Teacher of psychology, author, researcher.

Memory & Education Blog

A blog about education, psychology, and the links between the two.

Can teachers be researchers?

Research for teachers can take many forms, from subject-based work to more general education projects. Image by  Leo Hidalgo .

Research for teachers can take many forms, from subject-based work to more general education projects. Image by Leo Hidalgo.

Can teachers engage in research? And if so, should they be supported in doing so?

It has been great to be involved in the launch and running of Scotland's first school-based research centre over the past two years. This work has included running a research conference for our senior pupils with external visiting speakers, establishing an ethics approval procedure for teacher projects, and managing a number of collaborations including a research fellowship for visiting researcher Anna Beck of the University of Strathclyde.

Teacher research is valuable but not always valued. From my own experience, engaging in research is one of the most useful professional learning activities I can think of, boosting my skills while making me more aware of educational debates and evidence. But practical support for teacher research in terms of time or funding depends on it being seen as a priority, and there is an inherent potential conflict its long-term benefits and the more immediate concerns of the school day.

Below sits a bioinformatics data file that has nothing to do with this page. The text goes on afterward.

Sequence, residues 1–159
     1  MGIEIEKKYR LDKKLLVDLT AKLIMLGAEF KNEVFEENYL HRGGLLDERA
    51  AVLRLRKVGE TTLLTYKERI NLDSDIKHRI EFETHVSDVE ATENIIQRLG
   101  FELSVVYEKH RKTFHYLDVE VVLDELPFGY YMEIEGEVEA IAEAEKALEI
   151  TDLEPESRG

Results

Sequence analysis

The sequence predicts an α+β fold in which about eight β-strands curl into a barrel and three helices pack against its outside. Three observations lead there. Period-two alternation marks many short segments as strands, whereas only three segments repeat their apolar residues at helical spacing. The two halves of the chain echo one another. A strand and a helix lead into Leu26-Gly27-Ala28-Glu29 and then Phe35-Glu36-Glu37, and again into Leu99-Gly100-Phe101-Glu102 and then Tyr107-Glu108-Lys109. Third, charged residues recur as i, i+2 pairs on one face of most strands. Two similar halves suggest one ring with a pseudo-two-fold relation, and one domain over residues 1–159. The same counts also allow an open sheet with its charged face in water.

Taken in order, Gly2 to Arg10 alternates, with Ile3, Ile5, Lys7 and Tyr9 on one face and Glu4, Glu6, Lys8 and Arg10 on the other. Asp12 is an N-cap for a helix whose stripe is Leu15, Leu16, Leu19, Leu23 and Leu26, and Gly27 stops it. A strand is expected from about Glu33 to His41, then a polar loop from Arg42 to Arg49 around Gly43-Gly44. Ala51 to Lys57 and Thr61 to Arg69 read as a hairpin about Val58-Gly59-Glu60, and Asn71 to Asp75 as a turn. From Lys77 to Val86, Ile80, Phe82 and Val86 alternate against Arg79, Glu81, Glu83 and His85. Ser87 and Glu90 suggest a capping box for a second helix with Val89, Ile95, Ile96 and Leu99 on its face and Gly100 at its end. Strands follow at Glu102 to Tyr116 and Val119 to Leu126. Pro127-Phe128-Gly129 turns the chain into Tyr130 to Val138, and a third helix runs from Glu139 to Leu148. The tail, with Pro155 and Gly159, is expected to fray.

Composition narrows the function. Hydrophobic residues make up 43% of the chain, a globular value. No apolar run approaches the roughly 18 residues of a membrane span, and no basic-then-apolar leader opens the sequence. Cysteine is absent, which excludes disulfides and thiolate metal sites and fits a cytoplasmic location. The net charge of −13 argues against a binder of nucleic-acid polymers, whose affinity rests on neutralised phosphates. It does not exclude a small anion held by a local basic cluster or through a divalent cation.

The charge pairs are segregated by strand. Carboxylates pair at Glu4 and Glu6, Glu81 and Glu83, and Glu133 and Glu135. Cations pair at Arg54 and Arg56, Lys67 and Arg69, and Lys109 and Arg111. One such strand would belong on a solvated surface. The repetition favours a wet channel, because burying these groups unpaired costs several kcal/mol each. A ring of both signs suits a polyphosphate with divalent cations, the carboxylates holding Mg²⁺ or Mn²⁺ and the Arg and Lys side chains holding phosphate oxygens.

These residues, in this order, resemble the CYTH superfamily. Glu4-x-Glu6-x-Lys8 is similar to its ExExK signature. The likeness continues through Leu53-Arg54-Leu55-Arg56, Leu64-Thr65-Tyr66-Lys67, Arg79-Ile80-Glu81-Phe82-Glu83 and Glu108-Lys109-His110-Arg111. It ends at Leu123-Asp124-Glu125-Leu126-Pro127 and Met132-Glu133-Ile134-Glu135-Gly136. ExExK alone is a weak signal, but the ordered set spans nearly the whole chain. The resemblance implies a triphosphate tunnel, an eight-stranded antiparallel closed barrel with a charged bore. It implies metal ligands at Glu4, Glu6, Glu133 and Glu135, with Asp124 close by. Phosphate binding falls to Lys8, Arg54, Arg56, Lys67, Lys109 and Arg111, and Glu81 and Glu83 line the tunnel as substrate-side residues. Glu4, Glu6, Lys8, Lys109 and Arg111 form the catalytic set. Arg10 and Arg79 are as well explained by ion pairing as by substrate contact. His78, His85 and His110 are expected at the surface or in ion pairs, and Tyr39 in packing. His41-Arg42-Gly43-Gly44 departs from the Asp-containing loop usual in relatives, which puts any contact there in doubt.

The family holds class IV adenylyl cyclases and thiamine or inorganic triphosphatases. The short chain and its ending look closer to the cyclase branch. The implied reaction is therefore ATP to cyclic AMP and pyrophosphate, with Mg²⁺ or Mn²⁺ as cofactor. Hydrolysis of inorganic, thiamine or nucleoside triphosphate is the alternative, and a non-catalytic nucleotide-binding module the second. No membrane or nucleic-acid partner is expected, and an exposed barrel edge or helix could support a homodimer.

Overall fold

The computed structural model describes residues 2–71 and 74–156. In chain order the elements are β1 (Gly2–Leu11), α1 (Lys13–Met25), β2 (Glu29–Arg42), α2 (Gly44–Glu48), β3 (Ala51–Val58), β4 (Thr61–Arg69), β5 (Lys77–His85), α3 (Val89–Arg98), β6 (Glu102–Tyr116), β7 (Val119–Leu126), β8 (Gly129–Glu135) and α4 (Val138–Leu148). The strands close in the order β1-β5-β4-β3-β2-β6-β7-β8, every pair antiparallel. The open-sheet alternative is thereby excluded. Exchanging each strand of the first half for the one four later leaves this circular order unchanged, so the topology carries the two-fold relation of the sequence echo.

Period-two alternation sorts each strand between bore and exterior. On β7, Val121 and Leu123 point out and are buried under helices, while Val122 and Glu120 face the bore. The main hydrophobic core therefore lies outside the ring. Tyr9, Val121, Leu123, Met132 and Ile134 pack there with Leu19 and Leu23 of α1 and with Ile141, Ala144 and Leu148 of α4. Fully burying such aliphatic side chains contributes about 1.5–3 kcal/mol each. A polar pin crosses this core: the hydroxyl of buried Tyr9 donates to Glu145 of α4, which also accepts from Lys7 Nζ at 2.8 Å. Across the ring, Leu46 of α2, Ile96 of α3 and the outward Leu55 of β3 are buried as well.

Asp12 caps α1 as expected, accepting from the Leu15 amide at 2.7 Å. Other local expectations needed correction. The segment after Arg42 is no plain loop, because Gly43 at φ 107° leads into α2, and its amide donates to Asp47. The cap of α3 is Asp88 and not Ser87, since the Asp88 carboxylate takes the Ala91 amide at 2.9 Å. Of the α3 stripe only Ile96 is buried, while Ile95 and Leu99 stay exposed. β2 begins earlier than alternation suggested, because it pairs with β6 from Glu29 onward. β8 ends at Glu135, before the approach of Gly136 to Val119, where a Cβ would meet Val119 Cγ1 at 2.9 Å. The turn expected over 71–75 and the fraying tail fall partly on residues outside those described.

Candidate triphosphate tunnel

What is the status of teacher research?

The role of research in a school teacher's job is in some ways a philosophical question: we all agree that it is good for students to do research projects, but should teachers, similarly, be researchers? If so, how does that sit alongside their other duties, and is it actually 'research' at all (or 'action research', or 'practitioner enquiry', or... whatever).

Terminology is not central, but it does matter - if we use a word other than 'research', are we effectively saying from the outset that teachers are not 'proper' researchers, and that there is an essential divide between school and university staff? No doubt the quality of any research work will depend on professional abilities, but these can be developed - and already there are many teachers who have attained research degrees, and some who have published in peer-reviewed journals. Others have the potential to do so with the right support.

Regardless of the output in terms of publication, I feel that teacher research can foster curiosity, develop skills and prompt engagement with the current research literature. In other words, the process may be more important than the outcome. It can also lead to useful sharing between staff, and engagement with the broader research community. These have to be good things for a school and for education as a whole.

What next?

The Scottish Association for Educational Research has recently launched a network for early career researchers, and I'm really pleased to see that school-based researchers have been included from the start. We have a lot in common with PhD students and postdocs, and face many of the same challenges. It will also be important to engage with the FE sector as time goes on.

If you are interested in teacher research and want to find out more about how to develop a research centre in your school, or are simply looking for some support and advice, please do get in touch.

Jonathan Firth